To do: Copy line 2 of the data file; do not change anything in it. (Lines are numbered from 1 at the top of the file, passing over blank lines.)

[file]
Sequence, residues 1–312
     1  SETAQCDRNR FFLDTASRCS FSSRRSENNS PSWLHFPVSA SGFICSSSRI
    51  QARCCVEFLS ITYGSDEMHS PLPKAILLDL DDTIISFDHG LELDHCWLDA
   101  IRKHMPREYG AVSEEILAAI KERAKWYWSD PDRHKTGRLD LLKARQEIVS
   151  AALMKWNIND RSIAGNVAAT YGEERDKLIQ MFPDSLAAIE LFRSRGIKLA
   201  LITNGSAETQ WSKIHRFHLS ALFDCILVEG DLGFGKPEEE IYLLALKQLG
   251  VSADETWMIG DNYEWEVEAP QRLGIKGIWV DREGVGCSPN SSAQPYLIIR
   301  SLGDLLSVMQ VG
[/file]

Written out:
     1  SETAQCDRNR FFLDTASRCS FSSRRSENNS PSWLHFPVSA SGFICSSSRI